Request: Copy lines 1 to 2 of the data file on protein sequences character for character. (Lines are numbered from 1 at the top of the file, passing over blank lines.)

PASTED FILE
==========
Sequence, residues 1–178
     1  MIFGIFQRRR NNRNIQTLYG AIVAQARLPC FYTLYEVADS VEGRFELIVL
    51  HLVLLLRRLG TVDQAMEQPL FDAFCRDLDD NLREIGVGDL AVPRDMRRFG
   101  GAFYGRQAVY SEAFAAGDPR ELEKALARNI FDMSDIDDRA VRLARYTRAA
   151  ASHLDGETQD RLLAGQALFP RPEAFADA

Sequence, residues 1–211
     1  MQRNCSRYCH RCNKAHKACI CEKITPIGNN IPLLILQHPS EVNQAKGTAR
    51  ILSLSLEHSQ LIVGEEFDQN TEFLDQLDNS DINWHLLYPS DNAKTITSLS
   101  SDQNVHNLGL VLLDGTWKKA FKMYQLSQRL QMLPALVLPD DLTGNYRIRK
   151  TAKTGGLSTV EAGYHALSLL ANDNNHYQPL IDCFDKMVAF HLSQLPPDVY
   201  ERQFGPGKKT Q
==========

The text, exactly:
Sequence, residues 1–178
     1  MIFGIFQRRR NNRNIQTLYG AIVAQARLPC FYTLYEVADS VEGRFELIVL